“Workers don’t have to be afraid to go to work the way they did before, but it should be the bottom line,” said Kristi Hoffman, UNI Global Secretary General. Brands have to pay more for their clothes, and workers need to be paid a lot more, too. (The minimum wage in Bangladesh is about $75 per month.)

Christina Hagagos-Clausen, Director of Textile and Apparel Industry at IndustriALL, pointed to another sign of progress: Work injury insurance program Which started in 150 Bangladesh factory. Provides compensation and rehabilitation for injured workers in the garment industry.

But thousands of garment factories in Bangladesh are still not covered by any agreements or protections (the agreement only covers about 1,500). And the lives of many of South Asia’s 40 million garment workers remain a constant struggle, as they grapple with low wages, physical or sexual harassment and union busting.

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Accidents have not completely disappeared. Last week, four firefighters were killed and about a dozen injured after a fire broke out Garment factory in Karachi, Pakistan.

A recent survey of tragedy survivors by ActionAid found that more than half were unemployed, with physical health being the main reason for unemployment. Just over a third have returned to work in garment factories.

A third of them also said that they remained traumatized and suffered from psychological problems. Most of the garment workers in the Rana Plaza complex were women. The complex has not been rebuilt.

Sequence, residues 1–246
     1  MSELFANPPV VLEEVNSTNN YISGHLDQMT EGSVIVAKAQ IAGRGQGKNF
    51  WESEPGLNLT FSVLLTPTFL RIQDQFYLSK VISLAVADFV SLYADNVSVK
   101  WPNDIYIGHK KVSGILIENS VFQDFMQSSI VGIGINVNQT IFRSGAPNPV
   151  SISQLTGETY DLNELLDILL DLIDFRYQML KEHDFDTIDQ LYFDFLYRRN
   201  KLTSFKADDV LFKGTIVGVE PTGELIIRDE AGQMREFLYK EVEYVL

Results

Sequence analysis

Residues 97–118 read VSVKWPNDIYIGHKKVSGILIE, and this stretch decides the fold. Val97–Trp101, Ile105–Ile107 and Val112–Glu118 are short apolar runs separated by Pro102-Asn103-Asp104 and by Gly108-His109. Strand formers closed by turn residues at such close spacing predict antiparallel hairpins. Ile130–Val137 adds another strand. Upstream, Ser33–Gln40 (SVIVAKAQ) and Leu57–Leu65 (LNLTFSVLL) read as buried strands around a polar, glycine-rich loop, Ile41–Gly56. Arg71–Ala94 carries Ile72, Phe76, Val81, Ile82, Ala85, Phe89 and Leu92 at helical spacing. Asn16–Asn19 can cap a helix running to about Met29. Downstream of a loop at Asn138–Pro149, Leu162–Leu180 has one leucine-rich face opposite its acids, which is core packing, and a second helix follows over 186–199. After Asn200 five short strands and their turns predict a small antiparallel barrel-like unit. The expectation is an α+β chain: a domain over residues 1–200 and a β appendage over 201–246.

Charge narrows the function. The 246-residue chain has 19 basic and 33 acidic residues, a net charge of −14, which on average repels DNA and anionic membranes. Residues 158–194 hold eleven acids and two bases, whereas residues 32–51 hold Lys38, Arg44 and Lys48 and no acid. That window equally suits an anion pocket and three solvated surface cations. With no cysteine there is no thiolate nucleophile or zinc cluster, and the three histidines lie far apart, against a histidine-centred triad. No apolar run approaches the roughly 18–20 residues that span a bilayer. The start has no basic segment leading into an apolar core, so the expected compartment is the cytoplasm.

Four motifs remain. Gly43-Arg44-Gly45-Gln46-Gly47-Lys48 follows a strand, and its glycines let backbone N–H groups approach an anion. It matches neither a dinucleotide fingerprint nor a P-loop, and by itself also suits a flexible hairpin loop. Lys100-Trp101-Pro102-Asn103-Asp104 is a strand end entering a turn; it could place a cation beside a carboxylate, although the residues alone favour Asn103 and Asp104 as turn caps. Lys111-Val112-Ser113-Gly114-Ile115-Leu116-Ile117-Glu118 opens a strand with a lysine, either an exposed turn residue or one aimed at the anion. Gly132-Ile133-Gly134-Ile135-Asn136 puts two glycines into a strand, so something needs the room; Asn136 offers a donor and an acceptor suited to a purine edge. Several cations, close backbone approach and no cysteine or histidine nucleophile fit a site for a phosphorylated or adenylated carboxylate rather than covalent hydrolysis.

In a March interview with Zoom, one of the crash survivors, Nour Bano, wept as she explained that the event changed her life in the worst way possible.

She was wearing an orange sari and had dark shadows under her eyes as she spoke from the offices of a local union, the Sommilito Garments Sramik Federation. She said the injuries from the accident make it difficult for her to sit or walk properly, and with three children to support, she relied on handouts.

Shadida Begum said she missed out on an income earning opportunity and felt unlucky to be alive.

Chole Khanum, who worked for nine years on the eighth floor of Rana Plaza, wept until the morning of the collapse, when her forehead and spinal column were fractured, and said she had only received about $50 in government compensation. She is a widow with three young daughters.

“Even now, I can’t sleep,” she said. “I use sleeping pills but it’s not enough to keep away the ghosts of the past or all my fears for the future. My life will never be better.”